PULLMAN, WA - A recently released study conducted by Washington State University (WSU) found that neonicotinoids (neonics) pose little risk to bees in real-world settings because bees aren’t exposed to enough to cause much harm.
With the cooperation of 92 Washington beekeepers, a team of WSU entomologists studied apiaries in urban, rural and agricultural areas in Washington state. The team collected samples of beebread, or stored pollen, from 149 apiaries across the state.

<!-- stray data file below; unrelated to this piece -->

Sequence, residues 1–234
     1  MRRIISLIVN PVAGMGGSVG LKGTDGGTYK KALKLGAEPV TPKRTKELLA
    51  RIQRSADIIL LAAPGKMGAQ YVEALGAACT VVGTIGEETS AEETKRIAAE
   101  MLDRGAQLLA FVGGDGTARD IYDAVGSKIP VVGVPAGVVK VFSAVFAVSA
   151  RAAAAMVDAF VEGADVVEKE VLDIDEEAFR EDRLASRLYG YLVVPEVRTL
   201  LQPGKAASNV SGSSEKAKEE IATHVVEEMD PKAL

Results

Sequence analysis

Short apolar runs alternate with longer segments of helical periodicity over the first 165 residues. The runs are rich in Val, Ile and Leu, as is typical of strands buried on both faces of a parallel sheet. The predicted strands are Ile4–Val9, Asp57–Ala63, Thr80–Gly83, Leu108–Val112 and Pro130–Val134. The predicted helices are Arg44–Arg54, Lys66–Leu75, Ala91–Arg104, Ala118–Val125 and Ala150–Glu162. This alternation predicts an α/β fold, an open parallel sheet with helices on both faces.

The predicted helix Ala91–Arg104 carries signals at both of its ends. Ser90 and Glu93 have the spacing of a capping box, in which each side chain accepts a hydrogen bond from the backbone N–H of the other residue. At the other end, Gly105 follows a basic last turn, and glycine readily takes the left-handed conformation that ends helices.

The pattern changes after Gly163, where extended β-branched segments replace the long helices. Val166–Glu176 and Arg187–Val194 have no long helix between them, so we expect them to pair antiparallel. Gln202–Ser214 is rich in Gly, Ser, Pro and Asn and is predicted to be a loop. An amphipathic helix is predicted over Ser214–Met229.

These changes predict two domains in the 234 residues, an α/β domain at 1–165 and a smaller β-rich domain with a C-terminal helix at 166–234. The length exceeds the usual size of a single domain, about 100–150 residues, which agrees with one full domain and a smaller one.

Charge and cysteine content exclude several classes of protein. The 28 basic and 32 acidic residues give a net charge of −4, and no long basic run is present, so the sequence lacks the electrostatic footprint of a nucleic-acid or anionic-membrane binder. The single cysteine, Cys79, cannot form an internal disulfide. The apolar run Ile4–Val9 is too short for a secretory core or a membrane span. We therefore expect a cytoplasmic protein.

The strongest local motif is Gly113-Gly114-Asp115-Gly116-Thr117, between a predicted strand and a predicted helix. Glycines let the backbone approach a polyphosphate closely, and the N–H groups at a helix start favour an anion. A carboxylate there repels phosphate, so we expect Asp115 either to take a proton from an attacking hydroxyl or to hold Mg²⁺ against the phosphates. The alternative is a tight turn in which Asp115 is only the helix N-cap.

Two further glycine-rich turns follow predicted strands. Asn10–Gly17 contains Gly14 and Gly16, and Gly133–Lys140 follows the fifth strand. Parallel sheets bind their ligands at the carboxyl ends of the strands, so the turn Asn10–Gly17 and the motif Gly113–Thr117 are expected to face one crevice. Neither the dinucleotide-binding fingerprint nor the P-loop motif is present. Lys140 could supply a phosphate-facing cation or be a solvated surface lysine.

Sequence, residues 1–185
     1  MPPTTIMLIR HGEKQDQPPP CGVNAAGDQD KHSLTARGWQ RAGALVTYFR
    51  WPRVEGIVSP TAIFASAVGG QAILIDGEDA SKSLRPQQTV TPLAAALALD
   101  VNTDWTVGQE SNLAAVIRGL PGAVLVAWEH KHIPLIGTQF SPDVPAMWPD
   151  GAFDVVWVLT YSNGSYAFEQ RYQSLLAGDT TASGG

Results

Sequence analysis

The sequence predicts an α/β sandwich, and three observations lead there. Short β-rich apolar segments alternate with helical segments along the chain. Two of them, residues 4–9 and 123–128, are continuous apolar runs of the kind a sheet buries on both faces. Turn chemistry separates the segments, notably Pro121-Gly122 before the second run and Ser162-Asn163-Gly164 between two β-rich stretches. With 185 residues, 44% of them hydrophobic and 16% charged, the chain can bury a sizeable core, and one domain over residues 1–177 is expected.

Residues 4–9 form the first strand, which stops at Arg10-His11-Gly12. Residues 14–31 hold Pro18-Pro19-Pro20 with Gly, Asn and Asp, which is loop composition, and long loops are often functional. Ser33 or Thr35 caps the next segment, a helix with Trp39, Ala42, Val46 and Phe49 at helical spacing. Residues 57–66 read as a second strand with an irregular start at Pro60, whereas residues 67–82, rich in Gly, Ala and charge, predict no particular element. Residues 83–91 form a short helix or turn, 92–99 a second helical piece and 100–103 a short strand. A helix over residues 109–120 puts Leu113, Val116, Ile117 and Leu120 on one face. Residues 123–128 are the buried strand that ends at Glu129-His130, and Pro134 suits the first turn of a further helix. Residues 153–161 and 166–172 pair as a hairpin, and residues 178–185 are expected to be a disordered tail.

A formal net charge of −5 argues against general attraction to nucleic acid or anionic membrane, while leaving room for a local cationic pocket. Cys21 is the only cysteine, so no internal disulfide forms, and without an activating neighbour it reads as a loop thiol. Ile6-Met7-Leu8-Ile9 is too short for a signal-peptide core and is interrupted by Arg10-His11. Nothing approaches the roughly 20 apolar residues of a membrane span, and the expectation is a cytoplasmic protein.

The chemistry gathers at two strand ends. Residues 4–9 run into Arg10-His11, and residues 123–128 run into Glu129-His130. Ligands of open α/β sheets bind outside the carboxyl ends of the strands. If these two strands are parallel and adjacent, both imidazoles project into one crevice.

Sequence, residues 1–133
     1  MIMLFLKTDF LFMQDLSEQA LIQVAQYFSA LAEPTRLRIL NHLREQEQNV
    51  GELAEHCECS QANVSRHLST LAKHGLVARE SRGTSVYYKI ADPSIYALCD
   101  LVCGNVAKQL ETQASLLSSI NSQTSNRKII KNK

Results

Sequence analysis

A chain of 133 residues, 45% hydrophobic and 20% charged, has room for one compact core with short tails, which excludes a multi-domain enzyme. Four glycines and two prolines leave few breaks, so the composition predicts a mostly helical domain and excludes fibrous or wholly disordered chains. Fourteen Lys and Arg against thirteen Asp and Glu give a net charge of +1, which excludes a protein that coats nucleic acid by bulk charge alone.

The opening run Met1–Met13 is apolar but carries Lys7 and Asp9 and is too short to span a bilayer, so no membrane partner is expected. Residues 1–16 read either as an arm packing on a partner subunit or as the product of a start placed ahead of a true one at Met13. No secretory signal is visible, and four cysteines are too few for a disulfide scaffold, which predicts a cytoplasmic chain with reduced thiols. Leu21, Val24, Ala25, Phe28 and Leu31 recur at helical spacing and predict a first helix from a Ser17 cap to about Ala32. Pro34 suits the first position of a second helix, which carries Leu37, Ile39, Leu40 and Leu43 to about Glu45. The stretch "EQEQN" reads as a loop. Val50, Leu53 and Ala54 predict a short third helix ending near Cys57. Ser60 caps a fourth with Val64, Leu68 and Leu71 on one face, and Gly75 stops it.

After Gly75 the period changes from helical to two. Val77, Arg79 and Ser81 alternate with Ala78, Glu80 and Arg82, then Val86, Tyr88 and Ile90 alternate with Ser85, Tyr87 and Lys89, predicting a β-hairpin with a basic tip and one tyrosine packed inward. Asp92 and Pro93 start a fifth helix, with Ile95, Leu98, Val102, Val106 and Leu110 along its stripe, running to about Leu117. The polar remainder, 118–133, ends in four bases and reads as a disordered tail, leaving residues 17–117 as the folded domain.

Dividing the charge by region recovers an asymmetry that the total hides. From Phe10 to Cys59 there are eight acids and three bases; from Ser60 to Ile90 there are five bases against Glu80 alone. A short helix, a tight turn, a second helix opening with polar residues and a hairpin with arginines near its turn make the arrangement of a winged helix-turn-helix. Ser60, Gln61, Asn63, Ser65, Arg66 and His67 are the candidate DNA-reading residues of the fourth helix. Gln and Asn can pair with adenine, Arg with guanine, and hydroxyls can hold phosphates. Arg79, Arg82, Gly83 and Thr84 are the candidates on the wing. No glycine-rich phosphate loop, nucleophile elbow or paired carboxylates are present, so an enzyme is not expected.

During the one-year trial, researchers looked at potential honeybee colony exposure to neonics from pollen foraging. Neonic residues were detected in fewer than 5 percent of apiaries in rural and urban landscapes, according to the study.
In addition, the amounts detected were substantially less than what lab-based studies routinely expose honeybees to when examining the potential connection between neonics and pollinator health impacts.